When I was a kid and watched adults take down shots of vodka, I never really understood what they meant when they said about someone, “he doesn’t know how to drink“. Later, of course, I realised that it’s all about handling one’s alcohol [and behaving properly while intoxicated]. But I think it also can encapsulate the type of alcohol that one consumes, and then, of course, the rate of such consumption, which all contribute to the above. There are, however, times when I take a sip of whisky, and somehow I rush into it, and swallow in a hurried way, and then it burns my throat and stifles my breath, instead of slowly being welcomed by my being. I’m not sure if there is a proper way to sip a whisky, but when I manage to really screw it up [and if you do it, you will know it right away], I always remember those adults saying, “he doesn’t know how to drink.” In any case, let’s move on to this tasting. But first, we need music! Now playing: For Ukraine (Volume 2).
I start off with a [leftover] sample dram from my Octave tasting from Duncan Taylor (DT), where I have tried Benrinnes and Glen Moray. I didn’t get to finish the entire offering and had this little bottle left which I was saving for [this] right moment. It is a cask-strength, non-chill filtered and uncoloured pour of Tormore, distilled in 1995 and bottled in 2019 at 51.4% ABV (from cask #8221049), which makes this a 24-year-old whisky, and one of the first releases in the Premium Octave range from this independent bottler. I think the difference here is whether or not the single malt was finished in the octave casks [as with the Benrinnes and Glen Moray] or if it spent its entire life maturing in the smaller ex-sherry cask, as is the case with Tormore, to intensify the flavour profile. As a reminder, the octave casks are about 1/8th the size of a butt, and each one yields only around 80 to 100 bottles [this one had 87]. I take a first sip neat [this is where I think I swallowed too fast], then add some water to the dram to have it open up. The Tormore is distinctively sherried and is much better with the water. It’s less overpowering in its sweetness which I have inhaled at first, and now that the alcohol is weakened, I taste dried fruit, raisins, and boiled apples with some spice. The Tormore Distillery is from Speyside, and it is relatively new to the business, completing its construction in the 60s. It’s owned by Pernod Ricard (Chivas Brothers) and is a workhorse for their blends. However, it also releases two distillery bottlings of their 14 and 16-year-old single malts. It’s an absolutely fantastic dram, albeit just a little sweeter [due to the octave].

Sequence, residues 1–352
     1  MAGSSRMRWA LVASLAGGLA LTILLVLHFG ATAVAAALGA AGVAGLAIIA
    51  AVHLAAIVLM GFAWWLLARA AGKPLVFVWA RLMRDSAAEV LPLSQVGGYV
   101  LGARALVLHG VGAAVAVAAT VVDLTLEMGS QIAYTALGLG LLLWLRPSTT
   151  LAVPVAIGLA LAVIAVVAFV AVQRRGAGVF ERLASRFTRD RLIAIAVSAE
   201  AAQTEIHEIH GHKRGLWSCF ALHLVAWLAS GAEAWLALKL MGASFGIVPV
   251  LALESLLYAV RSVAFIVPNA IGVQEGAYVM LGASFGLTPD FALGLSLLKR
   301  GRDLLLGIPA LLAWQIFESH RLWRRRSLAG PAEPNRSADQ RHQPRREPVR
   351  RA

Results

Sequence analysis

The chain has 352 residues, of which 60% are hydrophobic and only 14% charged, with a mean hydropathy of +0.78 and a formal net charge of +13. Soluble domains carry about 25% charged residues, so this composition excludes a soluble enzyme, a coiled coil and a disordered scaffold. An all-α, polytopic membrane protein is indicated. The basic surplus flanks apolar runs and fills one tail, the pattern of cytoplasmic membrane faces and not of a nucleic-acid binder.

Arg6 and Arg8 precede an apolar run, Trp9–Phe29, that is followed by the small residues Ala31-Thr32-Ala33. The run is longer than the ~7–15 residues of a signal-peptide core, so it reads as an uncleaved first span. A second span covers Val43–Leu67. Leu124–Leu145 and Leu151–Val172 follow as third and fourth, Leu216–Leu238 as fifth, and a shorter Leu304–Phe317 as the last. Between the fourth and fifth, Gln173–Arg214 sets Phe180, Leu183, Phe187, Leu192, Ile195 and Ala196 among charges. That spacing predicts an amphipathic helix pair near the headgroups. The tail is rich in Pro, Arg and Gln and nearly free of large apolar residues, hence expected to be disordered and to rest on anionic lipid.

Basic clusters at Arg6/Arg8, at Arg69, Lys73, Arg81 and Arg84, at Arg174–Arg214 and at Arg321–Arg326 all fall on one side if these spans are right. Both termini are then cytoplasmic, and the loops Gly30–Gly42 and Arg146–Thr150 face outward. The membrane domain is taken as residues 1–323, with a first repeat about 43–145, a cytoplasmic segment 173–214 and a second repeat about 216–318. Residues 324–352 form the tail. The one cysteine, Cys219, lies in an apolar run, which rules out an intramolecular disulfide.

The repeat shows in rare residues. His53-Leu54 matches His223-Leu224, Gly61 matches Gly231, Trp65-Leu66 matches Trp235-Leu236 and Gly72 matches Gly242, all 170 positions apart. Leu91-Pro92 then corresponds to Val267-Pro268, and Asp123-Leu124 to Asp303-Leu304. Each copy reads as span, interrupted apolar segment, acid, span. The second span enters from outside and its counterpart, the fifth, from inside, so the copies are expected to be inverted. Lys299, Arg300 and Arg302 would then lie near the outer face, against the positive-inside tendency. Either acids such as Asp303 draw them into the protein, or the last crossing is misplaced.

I move on to the Tamdhu bottling from Càrn Mòr by Morrison and MacKay (MMcK), which I have previously put up against the 12-year-old distillery’s expression. I choose to pair it with Tormore because it’s also a Speyside single malt, [mostly] following the same process, non-chill filtered and uncoloured, and bottled at an identical cask strength of 51.4% ABV. It was distilled in 1997 and bottled in 2019, making it a 22-year-old whisky, only a few years younger than the Tormore. The most significant difference here is that it spent its life in an ex-sherry hogshead, not the octave. Once again, I taste it neat, then add the same amount of water to the dram. These two malts are nearly identical on the nose and colour, albeit the Tamdhu has some candied bananas and boiled sweets. It’s almost minty near the end, and the finish is less peppery. There’s honey and vanilla now with just a bit of caramel on edge, where dry sherried flavour kept its presence on the Tormore. I almost can’t decide which I like better. At first, I thought it would be an easy choice to make. I don’t even know why I was predisposed that way. One was in an octave for 24 years, while the other was in a hogshead for 22 – surely the difference would be absolutely huge, and I’d like one more than the other. I switch up the order and take one last sip of Tamdhu and one last sip of Tormore. The latter’s clearly sweeter now, but I do like it just the same.
Unfortunately, I only had a 30ml dram of the Tormore, so I will have to stop there with this taste. The Tamdhu, though, I have an entire bottle, so let’s continue tasting it some more! With only 187 bottles of the Tamdhu, which I found to be bottled exclusively for The Whisky Trail in Edinburgh, I’m not sure I’ll experience it again. One final pricing note: the Tamdhu’s at about £150, while Benrinnes goes for nearly £285. And here’s where the price begins to matter. Do I believe I’ve got about £100 “more” whisky from the octave? It’s very subjective, but so is this trip. With that, I’ll conclude and proclaim the Tamdhu to be the winner of this round, and see you next time!